The burning of the Yule Log dates back to the winter solstice celebrations of the Vikings. This was to celebrate the return of the sun, as the winter solstice is the shortest day of the year, thus it is the point when days start to get longer again. As part of the celebration, you would fetch the biggest tree you can find, and drag it home, generally with draft horses or oxen. These things really weren't small. The log would be dragged to the hearth, and slowly fed into the fireplace over the course of the celebrations. It was expected to last the entire time.
When the Normans invaded England, they brought this tradition along with them. And then, like many pagan traditions, it was co-opted as a Christian tradition, becoming part of the Christmas celebration. Lit on Christmas Eve, the Yule Log was to be kept burning throughout the 12 Days of Christmas.
Yule Logs were generally chopped down either off of your own property, or your neighbors. It is considered unlucky to actually purchase a Yule Log, you're expected to just take it, generally with the permission of whoever owns the land. Also to preserve luck, you must light the Yule Log with the remnant of the previous year's Yule Log. ... What do you mean you didn't save it?! Bad luck for you!
Sprigs of holly were added to the fire, to burn away the bad luck of the previous year, and help ensure that the coming year would bring luck. Any unnecessary work around the house was to be avoided while the Yule Log was burning.
After the burning of the Yule Log, pieces of it left over were collected, to be stored under the bed of the owners of the household. This brought good luck, and warded off house fires. Ashes from the fire were also saved, and scattered around the fields, to bring good luck to the crops that year.
The tradition of the Yule Log has died off. After all, the vast majority of people don't have any groves of trees nearby their place where they can cut down a massive log, and they don't have a massive fireplace in which to burn said log even if they are able to obtain one. But, some people have fake Yule Logs! Instead of burning a big hunk of wood, people will eat a smaller pastry that looks vaguely like a log. They're generally something along the lines of a flat piece of cake, smothered in chocolate or coffee flavoured icing, and then rolled up to look like a log. Quite tasty! These are sometimes called Buche de Noel. Anyways, here's a recipe for a Tiramisu Yule Log.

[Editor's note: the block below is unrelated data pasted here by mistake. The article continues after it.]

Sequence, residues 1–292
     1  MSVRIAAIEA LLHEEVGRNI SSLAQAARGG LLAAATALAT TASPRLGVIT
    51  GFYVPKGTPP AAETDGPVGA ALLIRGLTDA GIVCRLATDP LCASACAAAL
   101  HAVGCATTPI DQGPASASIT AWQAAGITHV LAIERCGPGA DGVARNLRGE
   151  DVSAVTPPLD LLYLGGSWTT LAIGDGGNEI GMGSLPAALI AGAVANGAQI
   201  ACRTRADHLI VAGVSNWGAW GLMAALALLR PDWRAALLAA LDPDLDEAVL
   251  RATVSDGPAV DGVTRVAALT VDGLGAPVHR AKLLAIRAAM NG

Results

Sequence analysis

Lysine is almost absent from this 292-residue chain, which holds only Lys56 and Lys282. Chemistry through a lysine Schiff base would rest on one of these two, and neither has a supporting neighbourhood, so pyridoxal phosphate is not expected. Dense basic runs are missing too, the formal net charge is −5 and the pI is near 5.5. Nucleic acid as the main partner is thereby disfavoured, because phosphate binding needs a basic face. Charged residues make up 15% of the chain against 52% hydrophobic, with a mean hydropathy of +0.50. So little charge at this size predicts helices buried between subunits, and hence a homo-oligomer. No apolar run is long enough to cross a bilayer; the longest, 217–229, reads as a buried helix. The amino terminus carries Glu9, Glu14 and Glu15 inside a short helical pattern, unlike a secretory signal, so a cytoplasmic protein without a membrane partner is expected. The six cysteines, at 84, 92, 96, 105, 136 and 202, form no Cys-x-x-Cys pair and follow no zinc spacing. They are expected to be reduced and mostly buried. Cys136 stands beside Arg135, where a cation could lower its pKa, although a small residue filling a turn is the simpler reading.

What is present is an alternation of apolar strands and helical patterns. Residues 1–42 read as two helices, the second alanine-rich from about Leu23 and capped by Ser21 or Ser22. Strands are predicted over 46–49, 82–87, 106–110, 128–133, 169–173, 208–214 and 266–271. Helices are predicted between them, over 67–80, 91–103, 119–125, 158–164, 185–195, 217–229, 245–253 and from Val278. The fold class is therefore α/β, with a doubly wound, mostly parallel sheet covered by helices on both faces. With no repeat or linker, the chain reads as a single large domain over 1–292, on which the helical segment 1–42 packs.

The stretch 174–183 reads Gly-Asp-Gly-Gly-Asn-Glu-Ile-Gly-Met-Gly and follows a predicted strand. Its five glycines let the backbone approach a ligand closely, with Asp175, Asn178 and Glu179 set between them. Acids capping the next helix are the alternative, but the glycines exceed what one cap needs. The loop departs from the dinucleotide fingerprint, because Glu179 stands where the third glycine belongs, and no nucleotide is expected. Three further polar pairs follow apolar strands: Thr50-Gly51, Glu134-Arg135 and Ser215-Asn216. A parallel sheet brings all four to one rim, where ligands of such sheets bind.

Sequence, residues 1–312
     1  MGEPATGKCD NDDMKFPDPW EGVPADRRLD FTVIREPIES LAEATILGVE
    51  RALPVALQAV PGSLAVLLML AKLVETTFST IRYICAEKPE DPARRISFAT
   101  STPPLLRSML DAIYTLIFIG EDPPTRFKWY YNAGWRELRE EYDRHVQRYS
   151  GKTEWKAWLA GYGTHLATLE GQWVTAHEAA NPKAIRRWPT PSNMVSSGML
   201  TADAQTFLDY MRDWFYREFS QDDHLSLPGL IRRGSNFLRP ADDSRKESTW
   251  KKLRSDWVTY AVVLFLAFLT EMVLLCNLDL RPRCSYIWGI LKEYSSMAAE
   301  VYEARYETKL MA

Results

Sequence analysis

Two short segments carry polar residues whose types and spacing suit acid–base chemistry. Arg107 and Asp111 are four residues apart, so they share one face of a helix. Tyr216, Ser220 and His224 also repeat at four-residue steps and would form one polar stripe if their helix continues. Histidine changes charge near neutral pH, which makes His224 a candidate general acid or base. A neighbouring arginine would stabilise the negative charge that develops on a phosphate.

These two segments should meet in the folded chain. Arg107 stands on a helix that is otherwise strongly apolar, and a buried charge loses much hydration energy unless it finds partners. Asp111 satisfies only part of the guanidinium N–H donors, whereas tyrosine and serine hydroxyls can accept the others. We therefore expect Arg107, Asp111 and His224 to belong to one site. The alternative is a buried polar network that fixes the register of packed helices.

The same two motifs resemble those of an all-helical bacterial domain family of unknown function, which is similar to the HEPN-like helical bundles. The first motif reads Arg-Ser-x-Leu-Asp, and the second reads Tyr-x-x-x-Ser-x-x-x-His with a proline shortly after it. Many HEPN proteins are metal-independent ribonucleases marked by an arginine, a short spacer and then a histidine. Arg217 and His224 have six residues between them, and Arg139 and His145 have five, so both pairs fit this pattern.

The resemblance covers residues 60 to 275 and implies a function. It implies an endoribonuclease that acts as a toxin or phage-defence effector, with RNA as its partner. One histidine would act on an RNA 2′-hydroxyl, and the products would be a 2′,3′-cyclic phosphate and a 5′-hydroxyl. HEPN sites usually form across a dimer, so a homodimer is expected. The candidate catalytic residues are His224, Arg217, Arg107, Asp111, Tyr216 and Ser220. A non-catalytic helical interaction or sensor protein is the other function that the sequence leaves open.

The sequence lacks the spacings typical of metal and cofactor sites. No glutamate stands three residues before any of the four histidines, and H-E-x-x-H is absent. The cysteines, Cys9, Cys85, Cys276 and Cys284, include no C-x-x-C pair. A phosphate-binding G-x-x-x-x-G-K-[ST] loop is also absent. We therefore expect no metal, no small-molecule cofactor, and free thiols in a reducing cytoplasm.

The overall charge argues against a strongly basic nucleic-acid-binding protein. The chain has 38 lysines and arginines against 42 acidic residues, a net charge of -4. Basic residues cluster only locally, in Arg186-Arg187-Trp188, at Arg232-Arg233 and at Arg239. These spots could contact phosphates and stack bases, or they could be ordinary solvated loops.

Start with the icing:
Mix the egg yolks and the sugar in a food processor for half a minute. Then add the vanilla, and continue for another minute. Cut the cream cheese into several chunks, and blend them in with the mix one at a time, until the mix is smooth. Then pour this mix into a bowl, cover, and stick it in the fridge to cool for an hour.
Beat your whipping cream until, well, it's whipped cream. Mix it into the cream cheese mixture, and once again, cover and chill for an hour.
And now the cake mix:
Separate 2 of the eggs, and place the whites in one bowl, and the yolks in a 2nd bowl, along with the other two eggs, the extra yolk, and the 125 mL of sugar. Beat on high speed until it is thick, and fluffy, and about triple the original volume. Then beat in the vanilla.
Mix the cake flour and the cornstarch, and then slowly sift it into the egg mixture, mixing with a whisk or spatula. Beat the egg whites until they're foamy, toss in the cream of tartar and the tablespoon of sugar, and continue beating until the whites are slightly stiff. Then fold the whites into the batter, and spread the mix into a greased 40 cm by 30 cm jelly roll pan. Bake at 230° for about 7 minutes, or until it's a golden brown, and the cake is springy.
When done, sprinkle it lightly with powdered sugar, and flip onto a clean towel, and roll it up tightly in the towel, then leave on a cooling rack.
Once cool, mix the instant coffee powder with 300 mL of hot water. Unroll the cake, and brush this mix over the cake. Spread most of the icing over the roll. Then take the semisweet chocolate, chopped finely in a food processor, and sprinkle most of it over the icing. Roll the cake back up, and then spread the rest of the icing over the log, topped with the rest of the chocolate. And chill for another hour. Done!
Carol Morton "Christmas Tradition of the Yule Log," The Master Gardener - Advice and how-to tips from the very best Master Gardeners. <www.emmitsburg.net/gardens/articles/adams/2001/yule_log.htm> (January 2, 2005).
French Ministry of Culture. "The Yule Log," Christmas Traditions in France and in Canada. <www.culture.gouv.fr/culture/noel/angl/buche.htm> (January 2, 2005).
RecipeArchive.com. "Tiramasu Yule Log," RecipeArchive.com - Cooking good food with great recipes! 2002. <www.recipearchive.com/recipe1.php3?rid=452> (January 2, 2004).